Anri Sala

Long Sorrow

Circolo Filologico Milanese, Milan
November 15 - December 18, 2005


Anri Sala’s films, photographs and videos explore the boundaries of history and geography, seen through the eyes of marginal characters who become accidental actors in collective dramas.

Mingling personal stories with studies of society, as metaphors for global conflicts, Sala’s videos are like frescos, epiphanies and visions that reveal unexpected, overlooked fragments of reality. The Albanian artist uses various techniques and genres in his films, ranging from documentary to fiction, music videos to narrative sequences, to unveil reality while narrating little existential explorations.

For the solo show organized by Fondazione Nicola Trussardi—his first with an Italian institution—Anri Sala presents Long Sorrow (2005), a film specially conceived and realized for the occasion, which lends its title to the entire exhibition.

Long Sorrow is a requiem for the end of dreams. Its protagonist is the famous free jazz saxophonist Jemeel Moondoc, who appears in a surreal scenario, hanging in mid-air outside the top-floor window of a building on the outskirts of Berlin, a classic architectural example of 1960s housing developments. Neighborhood residents have rebaptized this building “the long sorrow”, a nickname that becomes the title of Anri Sala’s film. In it, the African-American musician’s improvisations build a cathedral of sound, imbued with a sense of mounting tension. Part social documentary and part metaphor for artistic creation, Long Sorrow closes with the image of an airplane that seems to crash into the building.

Alongside Long Sorrow, Anri Sala presents an extensive selection of his video work and a number of photographs. Uomodomo (2001) is the portrait of a man wandering, half awake and half in a dream, through the arcades of Milan’s cathedral; in Time after Time (2003) the hesitation of a horse standing on a roadside in Tirana at night reveals the passage of cars as their headlights illuminate its movements. From the play of light and shadow in a nocturnal hunt by the sea in Ghostgames (2002), to the transformation of a cymbal into an absurd stroboscopic light in Three Minutes (2004), to quiet, melancholy visions of landing strips and old funfairs, Anri Sala’s pieces seem to flow past like faded frescoes of reality.

As a venue for presenting his work, Anri Sala chose the austere splendor of the Art Nouveau halls that house the Circolo Filologico Milanese, whose library is the setting for patient research and encounters between different languages and cultures. Founded in 1872, it is the oldest cultural association in the city, and one of the first in Italy. Established with the aim of “promoting and spreading culture, particularly the study of foreign languages and civilizations”, according to the first article of its charter, in 1875 its courses already included classes in French, English, German, Spanish, Hungarian, Modern Greek, Russian, Chinese, Arabic, and Hebrew. Its first home was a small flat rented for three years with funds voluntarily contributed by members; then it moved to Via Pellico, and finally, in 1908, to its current location in Via Clerici, a building in pure Art Nouveau style. From 1909 to 1920, the Circolo Filologico became the city’s main cultural center, its library housing over 100,000 volumes and 300 periodicals. Renowned intellectuals held seminars and lectures there, including Tatiana Tolstoy in 1926. World War II brusquely interrupted the life of the club when the building was bombed and part of its library destroyed. In 1947, its activities finally got back into full swing, and today its halls and library are still the site of intensive studies.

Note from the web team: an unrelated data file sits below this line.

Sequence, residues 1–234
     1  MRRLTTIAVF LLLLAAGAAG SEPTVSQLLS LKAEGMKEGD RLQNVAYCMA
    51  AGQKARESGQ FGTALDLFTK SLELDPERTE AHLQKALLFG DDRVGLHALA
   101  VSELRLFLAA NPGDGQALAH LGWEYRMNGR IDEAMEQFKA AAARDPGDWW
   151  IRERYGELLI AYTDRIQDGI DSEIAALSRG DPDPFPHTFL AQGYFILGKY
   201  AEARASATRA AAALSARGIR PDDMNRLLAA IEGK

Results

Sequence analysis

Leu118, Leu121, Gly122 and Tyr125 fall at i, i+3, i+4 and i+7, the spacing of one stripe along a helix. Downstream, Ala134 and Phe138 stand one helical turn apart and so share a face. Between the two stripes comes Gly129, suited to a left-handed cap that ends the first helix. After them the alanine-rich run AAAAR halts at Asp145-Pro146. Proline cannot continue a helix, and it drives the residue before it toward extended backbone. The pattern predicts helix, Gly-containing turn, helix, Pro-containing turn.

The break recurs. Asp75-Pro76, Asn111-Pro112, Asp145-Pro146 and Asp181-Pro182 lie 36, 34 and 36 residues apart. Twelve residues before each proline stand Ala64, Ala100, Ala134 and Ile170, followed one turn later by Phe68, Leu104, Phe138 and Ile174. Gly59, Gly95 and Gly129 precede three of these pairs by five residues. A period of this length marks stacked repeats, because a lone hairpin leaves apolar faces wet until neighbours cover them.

Anri Sala was born in 1974 in Tirana, Albania, and lives and works in Berlin. He has been exhibiting his work for many years, with solo shows at international institutions such as CAC Contemporary Arts Center in Cincinnati (2009), the Museum of Contemporary Art in North Miami, Florida (2008), Museum Boijmans van Beuningen in Rotterdam (2005), the Centre for Contemporary Art Ujazdowski Castle in Warsaw (2005), Museé d’Art moderne de la Ville de Paris (2004), the Art Institute of Chicago (2004), Kunstverein in Hamburg (2004), and Kunsthalle Wien in Vienna (2003). Shortlisted for the Preis der Nationalgalerie für Junge Kunst 2005 award in Berlin and the New York Guggenheim’s Hugo Boss Prize (2002), in 2001 Anri Sala won a Golden Lion for the Young Artist Prize at the Venice Biennale, where he exhibited on three consecutive occasions (2003, 2001 and 1999). The artist has also taken part in many group exhibitions and biennials, including the 2nd Moscow Biennale of Contemporary Art (2007), the 15th Biennale of Sydney (2006), the berlin biennale (2006 and 2001), the 8th International Istanbul Biennial (2003), the Tirana Biennale in Albania (2003 and 2001), the Yokohama Triennale (2001), Manifesta 4 in Frankfurt (2002) and Manifesta 3 in Ljubljana (2000).

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